i haven't done this exactly it's just my  thoughts here as to how i would first proceed

-K8memphis Posted 7 Jun 2016 , 12:26pm
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--picture yourself placing it on there and it breaking versus placing it on there with proper support so it can't break anywhere it just needs to be reinforced there see how all of it takes stress --

and it could get good support in the mouth there too where the green stuff comes out

cakebaby2 Posted 8 Jun 2016 , 7:57am
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Just out of interest is this for a paying client or a gift for a friend? You're very  brave to take on a paying job you don't know how to do if the former..and still brave if the latter x

-K8memphis Posted 8 Jun 2016 , 11:43am
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millions of cakers take on jobs they don't exactly know how to do or have no earthly idea how to do or have never  done before and if they say they say otherwise they are fibbing

how often do you suppose bronwen weber got an order for a 9 foot oil derrick spewing chocolate -- 

in the cake world there's 10,000 first times then 10,000 more  -- if one does only what one already knew how to do there would be no cake world --














cakebaby2 Posted 8 Jun 2016 , 7:18pm
post #14 of 33


Quote by @-K8memphis on 7 hours ago

millions of cakers take on jobs they don't exactly know how to do or have no earthly idea how to do or have never  done before and if they say they say otherwise they are fibbing

how often do you suppose bronwen weber got an order for a 9 foot oil derrick spewing chocolate --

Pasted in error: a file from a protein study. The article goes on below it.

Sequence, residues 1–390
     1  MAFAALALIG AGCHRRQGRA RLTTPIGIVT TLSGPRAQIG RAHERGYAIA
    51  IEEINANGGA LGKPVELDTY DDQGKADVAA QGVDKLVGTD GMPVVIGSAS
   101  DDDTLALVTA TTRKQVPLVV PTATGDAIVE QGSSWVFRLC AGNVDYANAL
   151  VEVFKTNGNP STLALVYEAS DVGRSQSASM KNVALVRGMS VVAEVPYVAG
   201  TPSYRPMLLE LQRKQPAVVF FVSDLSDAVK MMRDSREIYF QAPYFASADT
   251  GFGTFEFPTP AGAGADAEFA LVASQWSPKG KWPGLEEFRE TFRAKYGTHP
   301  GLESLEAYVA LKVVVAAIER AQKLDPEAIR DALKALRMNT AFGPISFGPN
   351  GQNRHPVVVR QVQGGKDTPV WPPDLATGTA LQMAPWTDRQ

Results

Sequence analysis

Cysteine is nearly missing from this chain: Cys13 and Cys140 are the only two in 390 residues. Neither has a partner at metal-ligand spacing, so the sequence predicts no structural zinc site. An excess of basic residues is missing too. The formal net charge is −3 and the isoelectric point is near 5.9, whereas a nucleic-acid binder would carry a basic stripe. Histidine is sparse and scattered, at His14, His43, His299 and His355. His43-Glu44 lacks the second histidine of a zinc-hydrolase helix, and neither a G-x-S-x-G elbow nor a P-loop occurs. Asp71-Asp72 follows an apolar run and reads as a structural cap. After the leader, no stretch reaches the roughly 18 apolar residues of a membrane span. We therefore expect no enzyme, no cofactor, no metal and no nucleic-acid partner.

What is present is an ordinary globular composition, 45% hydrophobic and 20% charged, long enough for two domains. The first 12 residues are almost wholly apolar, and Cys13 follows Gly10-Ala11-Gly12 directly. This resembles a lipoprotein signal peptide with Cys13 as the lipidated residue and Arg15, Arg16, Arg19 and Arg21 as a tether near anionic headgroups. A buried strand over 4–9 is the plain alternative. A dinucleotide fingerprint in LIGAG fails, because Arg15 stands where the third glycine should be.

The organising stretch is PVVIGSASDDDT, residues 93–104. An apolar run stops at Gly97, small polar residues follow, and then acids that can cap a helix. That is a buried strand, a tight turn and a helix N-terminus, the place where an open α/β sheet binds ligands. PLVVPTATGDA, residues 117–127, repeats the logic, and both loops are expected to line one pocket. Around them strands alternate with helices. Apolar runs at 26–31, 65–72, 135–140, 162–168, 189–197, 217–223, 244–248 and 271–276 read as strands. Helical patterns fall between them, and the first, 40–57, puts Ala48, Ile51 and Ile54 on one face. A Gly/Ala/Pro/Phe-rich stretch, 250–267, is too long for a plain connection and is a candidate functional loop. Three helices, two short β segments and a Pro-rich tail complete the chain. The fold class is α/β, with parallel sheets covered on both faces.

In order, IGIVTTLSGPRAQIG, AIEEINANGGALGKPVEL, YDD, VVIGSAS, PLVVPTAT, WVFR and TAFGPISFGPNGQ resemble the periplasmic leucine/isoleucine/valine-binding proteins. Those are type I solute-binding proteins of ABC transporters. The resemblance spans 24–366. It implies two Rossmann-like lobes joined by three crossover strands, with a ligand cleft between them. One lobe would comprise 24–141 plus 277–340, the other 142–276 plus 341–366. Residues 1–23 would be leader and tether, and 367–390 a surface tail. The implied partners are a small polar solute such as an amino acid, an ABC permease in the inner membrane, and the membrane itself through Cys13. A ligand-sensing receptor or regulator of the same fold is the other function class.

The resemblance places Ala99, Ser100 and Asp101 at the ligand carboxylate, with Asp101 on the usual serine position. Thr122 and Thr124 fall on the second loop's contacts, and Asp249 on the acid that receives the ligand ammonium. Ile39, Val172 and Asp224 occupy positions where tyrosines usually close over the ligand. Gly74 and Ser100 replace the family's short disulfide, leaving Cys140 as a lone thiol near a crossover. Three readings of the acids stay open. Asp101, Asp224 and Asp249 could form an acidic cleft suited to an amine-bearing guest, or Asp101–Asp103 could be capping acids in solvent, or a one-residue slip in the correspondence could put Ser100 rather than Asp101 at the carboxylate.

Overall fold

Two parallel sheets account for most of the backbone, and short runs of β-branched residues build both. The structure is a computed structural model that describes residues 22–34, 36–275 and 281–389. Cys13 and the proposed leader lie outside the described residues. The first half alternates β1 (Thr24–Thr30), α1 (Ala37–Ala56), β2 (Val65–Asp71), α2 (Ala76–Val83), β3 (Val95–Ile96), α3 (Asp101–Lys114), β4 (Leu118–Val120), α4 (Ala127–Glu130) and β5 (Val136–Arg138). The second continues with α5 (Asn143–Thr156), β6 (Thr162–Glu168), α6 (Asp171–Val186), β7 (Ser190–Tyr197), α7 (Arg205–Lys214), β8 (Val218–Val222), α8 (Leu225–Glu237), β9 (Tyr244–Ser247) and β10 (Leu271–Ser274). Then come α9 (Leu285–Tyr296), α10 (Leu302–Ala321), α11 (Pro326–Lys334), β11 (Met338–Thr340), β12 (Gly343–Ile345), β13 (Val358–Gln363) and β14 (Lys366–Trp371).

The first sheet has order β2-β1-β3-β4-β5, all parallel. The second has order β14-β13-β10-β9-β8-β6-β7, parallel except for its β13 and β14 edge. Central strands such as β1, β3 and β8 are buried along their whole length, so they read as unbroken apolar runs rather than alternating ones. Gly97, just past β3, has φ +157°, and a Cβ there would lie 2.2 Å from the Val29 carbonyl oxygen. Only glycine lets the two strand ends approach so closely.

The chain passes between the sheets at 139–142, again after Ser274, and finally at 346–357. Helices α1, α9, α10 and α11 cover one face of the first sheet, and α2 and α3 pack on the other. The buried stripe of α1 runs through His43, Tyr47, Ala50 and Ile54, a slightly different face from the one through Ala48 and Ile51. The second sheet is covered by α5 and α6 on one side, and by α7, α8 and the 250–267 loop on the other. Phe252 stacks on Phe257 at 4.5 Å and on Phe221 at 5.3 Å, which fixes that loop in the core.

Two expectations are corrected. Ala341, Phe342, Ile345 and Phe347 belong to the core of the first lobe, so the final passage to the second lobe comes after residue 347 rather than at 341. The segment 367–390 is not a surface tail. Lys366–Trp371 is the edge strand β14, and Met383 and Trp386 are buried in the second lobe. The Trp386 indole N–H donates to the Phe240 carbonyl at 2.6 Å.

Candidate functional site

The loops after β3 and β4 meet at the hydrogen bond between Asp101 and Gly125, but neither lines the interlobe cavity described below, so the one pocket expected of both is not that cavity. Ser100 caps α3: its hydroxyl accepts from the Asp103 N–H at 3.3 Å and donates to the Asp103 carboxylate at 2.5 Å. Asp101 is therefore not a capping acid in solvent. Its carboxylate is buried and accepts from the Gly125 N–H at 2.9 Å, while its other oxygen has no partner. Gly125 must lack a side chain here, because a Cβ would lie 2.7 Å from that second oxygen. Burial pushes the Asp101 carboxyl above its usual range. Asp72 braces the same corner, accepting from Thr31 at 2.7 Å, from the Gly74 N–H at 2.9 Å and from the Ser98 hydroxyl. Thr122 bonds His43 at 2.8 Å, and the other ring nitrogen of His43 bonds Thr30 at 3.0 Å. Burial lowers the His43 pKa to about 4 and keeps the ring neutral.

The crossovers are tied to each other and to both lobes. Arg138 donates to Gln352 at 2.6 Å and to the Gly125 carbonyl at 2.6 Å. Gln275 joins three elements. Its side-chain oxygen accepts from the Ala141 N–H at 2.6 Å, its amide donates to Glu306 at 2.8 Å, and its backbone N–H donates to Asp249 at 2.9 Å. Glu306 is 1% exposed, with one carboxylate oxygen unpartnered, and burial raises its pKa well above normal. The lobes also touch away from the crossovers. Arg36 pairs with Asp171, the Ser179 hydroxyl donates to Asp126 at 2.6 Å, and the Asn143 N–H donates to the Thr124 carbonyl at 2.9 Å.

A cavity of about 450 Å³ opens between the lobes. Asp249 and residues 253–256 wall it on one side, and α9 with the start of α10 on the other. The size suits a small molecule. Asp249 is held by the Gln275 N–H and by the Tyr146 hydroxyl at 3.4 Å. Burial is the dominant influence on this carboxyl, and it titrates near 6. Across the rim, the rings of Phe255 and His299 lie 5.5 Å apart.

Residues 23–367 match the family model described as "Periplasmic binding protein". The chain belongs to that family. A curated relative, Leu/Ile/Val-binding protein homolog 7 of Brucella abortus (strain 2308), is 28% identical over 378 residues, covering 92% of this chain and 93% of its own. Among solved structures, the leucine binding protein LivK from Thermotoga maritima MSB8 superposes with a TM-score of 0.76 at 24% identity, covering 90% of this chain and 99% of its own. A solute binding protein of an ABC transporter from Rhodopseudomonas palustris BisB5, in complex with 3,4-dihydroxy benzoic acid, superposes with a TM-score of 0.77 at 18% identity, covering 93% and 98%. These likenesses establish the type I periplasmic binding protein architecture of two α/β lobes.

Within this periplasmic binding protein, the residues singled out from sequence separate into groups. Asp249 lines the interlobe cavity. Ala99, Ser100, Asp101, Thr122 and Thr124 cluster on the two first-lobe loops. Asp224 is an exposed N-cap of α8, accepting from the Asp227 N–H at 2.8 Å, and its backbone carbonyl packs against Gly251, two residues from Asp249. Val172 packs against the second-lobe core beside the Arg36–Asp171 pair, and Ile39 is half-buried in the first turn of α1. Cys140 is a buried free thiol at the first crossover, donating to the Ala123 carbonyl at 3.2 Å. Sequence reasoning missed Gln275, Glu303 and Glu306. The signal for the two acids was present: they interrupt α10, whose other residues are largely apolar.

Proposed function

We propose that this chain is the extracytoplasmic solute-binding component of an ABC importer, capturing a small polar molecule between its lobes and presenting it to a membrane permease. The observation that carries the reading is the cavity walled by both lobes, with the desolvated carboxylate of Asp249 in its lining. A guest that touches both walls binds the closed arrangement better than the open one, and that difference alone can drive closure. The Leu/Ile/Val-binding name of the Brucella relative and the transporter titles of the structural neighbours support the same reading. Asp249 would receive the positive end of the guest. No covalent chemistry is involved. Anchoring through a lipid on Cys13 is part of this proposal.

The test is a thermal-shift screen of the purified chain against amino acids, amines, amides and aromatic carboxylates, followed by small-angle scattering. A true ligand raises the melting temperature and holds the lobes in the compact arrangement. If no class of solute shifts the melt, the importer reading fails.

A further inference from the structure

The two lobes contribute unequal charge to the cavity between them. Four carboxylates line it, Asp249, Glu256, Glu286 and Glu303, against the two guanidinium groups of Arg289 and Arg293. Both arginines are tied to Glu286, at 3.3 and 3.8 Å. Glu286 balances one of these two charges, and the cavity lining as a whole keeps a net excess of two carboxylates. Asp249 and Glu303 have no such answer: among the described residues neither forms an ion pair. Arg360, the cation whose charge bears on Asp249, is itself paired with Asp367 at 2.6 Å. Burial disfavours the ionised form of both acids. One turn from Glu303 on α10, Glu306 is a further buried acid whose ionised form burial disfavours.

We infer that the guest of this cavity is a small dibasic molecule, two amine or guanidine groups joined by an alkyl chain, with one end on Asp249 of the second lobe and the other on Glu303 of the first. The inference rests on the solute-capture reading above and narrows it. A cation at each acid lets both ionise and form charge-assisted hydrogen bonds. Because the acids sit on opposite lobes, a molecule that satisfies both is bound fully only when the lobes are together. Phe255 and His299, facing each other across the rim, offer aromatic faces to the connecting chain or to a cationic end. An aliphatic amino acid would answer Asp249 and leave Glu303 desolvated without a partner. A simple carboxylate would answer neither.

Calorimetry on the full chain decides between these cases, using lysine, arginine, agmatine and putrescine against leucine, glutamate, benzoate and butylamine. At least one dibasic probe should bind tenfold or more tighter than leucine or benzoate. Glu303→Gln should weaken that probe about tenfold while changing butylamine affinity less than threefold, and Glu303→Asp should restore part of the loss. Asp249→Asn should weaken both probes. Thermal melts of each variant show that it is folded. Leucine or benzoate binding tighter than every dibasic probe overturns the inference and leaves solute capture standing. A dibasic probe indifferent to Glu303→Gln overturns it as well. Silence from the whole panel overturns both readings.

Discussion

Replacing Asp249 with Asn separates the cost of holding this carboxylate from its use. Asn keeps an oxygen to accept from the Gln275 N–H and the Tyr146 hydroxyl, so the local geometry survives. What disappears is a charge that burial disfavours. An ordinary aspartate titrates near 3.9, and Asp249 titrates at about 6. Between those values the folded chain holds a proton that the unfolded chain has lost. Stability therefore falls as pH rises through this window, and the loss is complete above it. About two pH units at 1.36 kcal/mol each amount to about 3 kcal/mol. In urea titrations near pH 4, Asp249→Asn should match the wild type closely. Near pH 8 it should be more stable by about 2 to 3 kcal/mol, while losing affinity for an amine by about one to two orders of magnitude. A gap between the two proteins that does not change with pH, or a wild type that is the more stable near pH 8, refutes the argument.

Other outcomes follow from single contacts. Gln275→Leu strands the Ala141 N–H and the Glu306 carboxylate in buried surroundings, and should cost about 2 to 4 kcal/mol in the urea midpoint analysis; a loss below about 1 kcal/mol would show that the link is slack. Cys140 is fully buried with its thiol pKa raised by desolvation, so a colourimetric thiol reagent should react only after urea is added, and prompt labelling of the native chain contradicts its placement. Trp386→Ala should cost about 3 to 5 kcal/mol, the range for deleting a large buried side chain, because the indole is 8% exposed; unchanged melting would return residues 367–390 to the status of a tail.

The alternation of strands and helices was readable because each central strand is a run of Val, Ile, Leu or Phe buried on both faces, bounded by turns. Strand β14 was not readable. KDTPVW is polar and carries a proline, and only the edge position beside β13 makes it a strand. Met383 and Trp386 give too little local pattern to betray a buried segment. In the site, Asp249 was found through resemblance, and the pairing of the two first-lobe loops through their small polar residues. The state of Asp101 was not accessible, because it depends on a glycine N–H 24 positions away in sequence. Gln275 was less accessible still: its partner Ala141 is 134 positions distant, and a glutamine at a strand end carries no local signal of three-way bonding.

in the cake world there's 10,000 first times then 10,000 more  -- if one does only what one already knew how to do there would be no cake world -



Probably very true- K8 though I doubt they agree to an order with no clue whatsoever if they are a pro, hence my question if it was a gift or an order by some unsuspecting client.

I also doubt the lady you mention , or indeed anyone like her came on to a forum (especially this recently resurrected venue) without 1 clue, not 1, as to how it could be achieved. If its for a friend as a gift there is no shame in hobbyists picking what's left of the professionals brains. 















-K8memphis Posted 8 Jun 2016 , 7:43pm
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i've worked in many bakeries and yes they routinely take on orders cluelessly -- it's a creative personalized field -- most every cake is different, special -- the oil derrick is a great example -- she charged many thousands for that and she had to figure it out completely --